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Technical Paper

3-D LDV Measurement of In-Cylinder Air Flow in a 3.5L Four-Valve SI Engine

1995-02-01
950648
In-cylinder flows in a motored four-valve SI engine were examined by simultaneous three-component LDV measurement. The purpose of this study was to develop better physical understanding of in-cylinder flows and quantitative methods which correlate in-cylinder flows to engine performance. This study is believed to be the first simultaneous three-component LDV measurement of the air flow over a planar section of a four-valve piston-cylinder assembly. Special attention is paid to the tumble formation process, three-dimensional turbulent kinetic energy, and measurement of the tumble ratio. The influence of the induction system and the piston geometry are believed to have a significant effect on the in-cylinder flow characteristics. Using LDV measurement, the flows in two different piston top geometries were examined. One axial plane was selected to observe the effect of piston top geometries on the flow field in the combustion chamber.
Technical Paper

A Study of Fuel Impingement Analysis on In-Cylinder Surfaces in a Direct-Injection Spark-Ignition Engine with Gasoline and Ethanol-Gasoline Blended Fuels

2010-10-25
2010-01-2153
An experimental study is performed to investigate the fuel impingement on cylinder walls and piston top inside a direct-injection spark-ignition engine with optical access to the cylinder. Three different fuels, namely, E85, E50 and gasoline are used in this work. E85 represents a blend of 85 percent ethanol and 15 percent gasoline by volume. Experiments are performed at different load conditions with the engine speeds of 1500 and 2000 rpm. Two types of fuel injectors are used; (i) High-pressure production injector with fuel pressures of 5 and 10 MPa, and (ii) Low-pressure production-intent injector with fuel pressure of 3 MPa. In addition, the effects of split injection are also presented and compared with the similar cases of single injection by maintaining the same amount of fuel for the stoichiometric condition. Novel image processing algorithms are developed to analyze the fuel impingement quantitatively on cylinder walls and piston top inside the engine cylinder.
Technical Paper

An Evaluation of Turbulent Kinetic Energy for the In-Cylinder Flow of a Four-Valve 3.5L SI Engine Using 3-D LDV Measurements

1997-02-24
970793
A better understanding of turbulent kinetic energy is important for improvement of fuel-air mixing, which can lead to lower emissions and reduced fuel consumption. An in-cylinder flow study was conducted using 1548 Laser Doppler Velocimetry (LDV) measurements inside one cylinder of a 3.5L four-valve engine. The measurement method, which simultaneously collects three-dimensional velocity data through a quartz cylinder, allowed a volumetric evaluation of turbulent kinetic energy (TKE) inside an automotive engine. The results were animated on a UNIX workstation, using a 3D wireframe model. The data visualization software allowed the computation of TKE isosurfaces, and identified regions of higher turbulence within the cylinder. The mean velocity fields created complex flow patterns with symmetries about the center plane between the two intake valves. High levels of TKE were found in regions of high shear flow, attributed to the collisions of intake flows.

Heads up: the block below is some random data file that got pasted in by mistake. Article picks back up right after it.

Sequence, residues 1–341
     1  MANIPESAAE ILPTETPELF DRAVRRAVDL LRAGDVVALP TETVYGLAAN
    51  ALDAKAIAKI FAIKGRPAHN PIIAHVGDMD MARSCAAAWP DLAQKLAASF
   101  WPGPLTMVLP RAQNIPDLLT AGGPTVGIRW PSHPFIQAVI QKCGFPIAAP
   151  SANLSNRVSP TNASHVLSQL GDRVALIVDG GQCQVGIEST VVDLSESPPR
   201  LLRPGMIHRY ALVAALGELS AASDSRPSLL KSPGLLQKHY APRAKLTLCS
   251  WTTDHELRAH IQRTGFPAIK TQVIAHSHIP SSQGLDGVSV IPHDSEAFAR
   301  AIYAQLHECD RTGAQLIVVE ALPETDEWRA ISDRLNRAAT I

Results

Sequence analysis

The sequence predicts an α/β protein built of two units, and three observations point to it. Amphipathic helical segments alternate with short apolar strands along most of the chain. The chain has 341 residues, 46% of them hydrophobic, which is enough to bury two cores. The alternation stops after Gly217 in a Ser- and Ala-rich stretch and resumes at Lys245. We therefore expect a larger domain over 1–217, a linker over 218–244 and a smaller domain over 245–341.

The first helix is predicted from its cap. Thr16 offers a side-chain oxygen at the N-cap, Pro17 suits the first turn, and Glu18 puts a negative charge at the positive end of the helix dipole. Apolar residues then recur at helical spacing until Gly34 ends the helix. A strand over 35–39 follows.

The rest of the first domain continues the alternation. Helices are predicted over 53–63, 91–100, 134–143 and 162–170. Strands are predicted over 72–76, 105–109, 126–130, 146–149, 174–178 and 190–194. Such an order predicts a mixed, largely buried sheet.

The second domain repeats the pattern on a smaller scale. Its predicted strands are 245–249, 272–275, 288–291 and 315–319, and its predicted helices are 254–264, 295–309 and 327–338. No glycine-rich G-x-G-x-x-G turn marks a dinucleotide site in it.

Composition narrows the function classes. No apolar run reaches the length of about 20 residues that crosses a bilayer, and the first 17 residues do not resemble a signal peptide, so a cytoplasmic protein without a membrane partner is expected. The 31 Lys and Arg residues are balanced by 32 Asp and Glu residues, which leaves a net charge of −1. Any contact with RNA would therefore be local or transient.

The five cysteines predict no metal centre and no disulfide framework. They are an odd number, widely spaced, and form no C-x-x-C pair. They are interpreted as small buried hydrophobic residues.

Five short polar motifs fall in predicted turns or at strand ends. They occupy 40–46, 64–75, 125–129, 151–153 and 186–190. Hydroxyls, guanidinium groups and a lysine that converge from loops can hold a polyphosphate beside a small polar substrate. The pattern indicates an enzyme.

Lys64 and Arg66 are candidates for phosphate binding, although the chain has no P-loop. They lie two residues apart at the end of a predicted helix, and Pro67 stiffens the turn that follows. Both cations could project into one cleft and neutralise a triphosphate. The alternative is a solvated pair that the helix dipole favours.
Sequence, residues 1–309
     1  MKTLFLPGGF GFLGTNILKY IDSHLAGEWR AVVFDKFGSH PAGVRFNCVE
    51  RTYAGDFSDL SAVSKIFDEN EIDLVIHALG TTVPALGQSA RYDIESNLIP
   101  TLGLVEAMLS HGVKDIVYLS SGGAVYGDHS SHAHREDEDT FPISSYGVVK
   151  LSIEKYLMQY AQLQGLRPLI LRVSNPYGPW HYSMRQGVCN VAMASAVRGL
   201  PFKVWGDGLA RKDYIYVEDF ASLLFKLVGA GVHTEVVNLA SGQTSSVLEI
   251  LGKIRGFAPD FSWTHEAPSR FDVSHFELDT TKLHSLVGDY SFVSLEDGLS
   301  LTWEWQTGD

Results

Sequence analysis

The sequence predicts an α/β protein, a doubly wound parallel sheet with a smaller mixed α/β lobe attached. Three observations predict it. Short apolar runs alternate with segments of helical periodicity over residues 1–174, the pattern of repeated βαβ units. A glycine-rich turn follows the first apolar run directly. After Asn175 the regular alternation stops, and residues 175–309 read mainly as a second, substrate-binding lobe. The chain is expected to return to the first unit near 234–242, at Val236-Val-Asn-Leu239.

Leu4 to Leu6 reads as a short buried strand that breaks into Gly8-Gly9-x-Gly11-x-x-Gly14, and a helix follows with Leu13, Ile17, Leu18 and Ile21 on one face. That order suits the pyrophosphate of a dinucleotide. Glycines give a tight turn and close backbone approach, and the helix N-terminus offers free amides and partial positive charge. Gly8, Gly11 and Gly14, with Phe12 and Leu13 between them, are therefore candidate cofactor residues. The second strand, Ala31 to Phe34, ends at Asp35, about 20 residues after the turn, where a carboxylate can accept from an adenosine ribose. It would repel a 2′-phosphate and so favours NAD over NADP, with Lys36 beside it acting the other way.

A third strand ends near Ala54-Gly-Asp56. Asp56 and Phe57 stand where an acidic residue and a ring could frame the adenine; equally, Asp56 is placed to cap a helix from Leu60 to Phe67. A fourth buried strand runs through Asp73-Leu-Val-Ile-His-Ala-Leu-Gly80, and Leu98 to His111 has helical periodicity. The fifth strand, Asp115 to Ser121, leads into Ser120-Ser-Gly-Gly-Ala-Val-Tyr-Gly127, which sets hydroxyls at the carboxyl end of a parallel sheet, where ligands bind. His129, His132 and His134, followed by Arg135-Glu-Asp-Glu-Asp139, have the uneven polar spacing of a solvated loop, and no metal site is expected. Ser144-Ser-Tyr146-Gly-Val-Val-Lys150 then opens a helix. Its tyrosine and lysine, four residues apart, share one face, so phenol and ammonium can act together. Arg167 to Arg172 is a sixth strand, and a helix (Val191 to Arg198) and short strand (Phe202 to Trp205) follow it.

Technical Paper

An Experimental Study of In-Cylinder Air Flow in a 3.5L Four-Valve SI Engine by High Speed Flow Visualization and Two-Component LDV Measurement

1993-03-01
930478
In-cylinder flows in four-valve SI engines were examined by high frame rate flow visualization and two-component LDV measurement. It is believed that the tumble and swirl motion generated during intake breaks down into small-scale turbulence later in the cycle. The exact nature of this relationship is not well known. However, control of the turbulence offers control of the combustion process. To develop a better physical understanding of the in-cylinder flow, the effects of the cylinder head intake port configuration and the piston geometry were examined. For the present study, a 3.5L, four-valve engine was modified to be mounted on an AVL single cylinder research engine type 520. A quartz cylinder was fabricated for optical access to the in-cylinder flow. Piston rings were replaced by Rulon-LD rings. A Rulon-LD ring is advantageous for the optical access as it requires no lubrication.
Technical Paper

Combustion Characteristics of a Single-Cylinder Engine Equipped with Gasoline and Ethanol Dual-Fuel Systems

2008-06-23
2008-01-1767
The requirement of reduced emissions and improved fuel economy led the introduction of direct-injection (DI) spark-ignited (SI) engines. Dual-fuel injection system (direct-injection and port-fuel-injection (PFI)) was also used to improve engine performance at high load and speed. Ethanol is one of the several alternative transportation fuels considered for replacing fossil fuels such as gasoline and diesel. Ethanol offers high octane quality but with lower energy density than fossil fuels. This paper presents the combustion characteristics of a single cylinder dual-fuel injection SI engine with the following fueling cases: a) gasoline for PFI and DI, b) PFI gasoline and DI ethanol, and c) PFI ethanol and DI gasoline. For this study, the DI fueling portion varied from 0 to 100 percentage of the total fueling over different engine operational conditions while the engine air-to-fuel ratio remained at a constant level.